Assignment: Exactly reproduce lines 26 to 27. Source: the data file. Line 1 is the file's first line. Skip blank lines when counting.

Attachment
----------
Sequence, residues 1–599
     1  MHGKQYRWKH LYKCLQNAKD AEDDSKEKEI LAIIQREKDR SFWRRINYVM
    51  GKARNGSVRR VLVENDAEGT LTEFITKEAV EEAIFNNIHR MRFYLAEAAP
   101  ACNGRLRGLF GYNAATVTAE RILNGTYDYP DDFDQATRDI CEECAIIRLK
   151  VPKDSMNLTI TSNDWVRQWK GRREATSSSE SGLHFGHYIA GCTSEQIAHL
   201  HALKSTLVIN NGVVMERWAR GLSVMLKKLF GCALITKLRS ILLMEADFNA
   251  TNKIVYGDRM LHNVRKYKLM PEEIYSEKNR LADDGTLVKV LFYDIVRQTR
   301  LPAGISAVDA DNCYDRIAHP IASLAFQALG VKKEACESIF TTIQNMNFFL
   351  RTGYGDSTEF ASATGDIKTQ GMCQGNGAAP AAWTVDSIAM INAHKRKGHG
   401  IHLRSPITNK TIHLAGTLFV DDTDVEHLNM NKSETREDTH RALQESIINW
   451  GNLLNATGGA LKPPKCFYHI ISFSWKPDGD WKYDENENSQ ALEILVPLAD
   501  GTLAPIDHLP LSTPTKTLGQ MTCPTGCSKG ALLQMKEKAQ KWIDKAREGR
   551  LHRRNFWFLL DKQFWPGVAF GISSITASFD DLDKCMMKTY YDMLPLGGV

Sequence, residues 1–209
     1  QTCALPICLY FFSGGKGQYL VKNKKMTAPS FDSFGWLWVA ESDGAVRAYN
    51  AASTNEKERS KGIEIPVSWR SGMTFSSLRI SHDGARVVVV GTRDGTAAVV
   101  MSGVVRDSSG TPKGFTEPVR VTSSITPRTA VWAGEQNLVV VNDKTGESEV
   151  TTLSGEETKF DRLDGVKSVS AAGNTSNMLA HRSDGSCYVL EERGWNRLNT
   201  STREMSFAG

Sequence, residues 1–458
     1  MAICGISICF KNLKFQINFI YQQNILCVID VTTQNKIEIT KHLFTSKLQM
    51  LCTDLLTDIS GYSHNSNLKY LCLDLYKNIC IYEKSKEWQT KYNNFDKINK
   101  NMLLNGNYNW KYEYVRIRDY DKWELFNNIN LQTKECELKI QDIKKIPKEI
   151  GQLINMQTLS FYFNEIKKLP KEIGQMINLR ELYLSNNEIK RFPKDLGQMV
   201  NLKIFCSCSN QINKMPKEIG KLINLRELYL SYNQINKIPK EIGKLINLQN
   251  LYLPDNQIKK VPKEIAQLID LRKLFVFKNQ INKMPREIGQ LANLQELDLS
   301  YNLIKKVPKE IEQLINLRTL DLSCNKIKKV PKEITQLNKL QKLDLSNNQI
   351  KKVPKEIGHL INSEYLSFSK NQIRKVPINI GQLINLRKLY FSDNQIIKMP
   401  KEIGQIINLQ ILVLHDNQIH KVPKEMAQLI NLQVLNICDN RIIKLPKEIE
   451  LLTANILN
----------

   251  LYLPDNQIKK VPKEIAQLID LRKLFVFKNQ INKMPREIGQ LANLQELDLS
   301  YNLIKKVPKE IEQLINLRTL DLSCNKIKKV PKEITQLNKL QKLDLSNNQI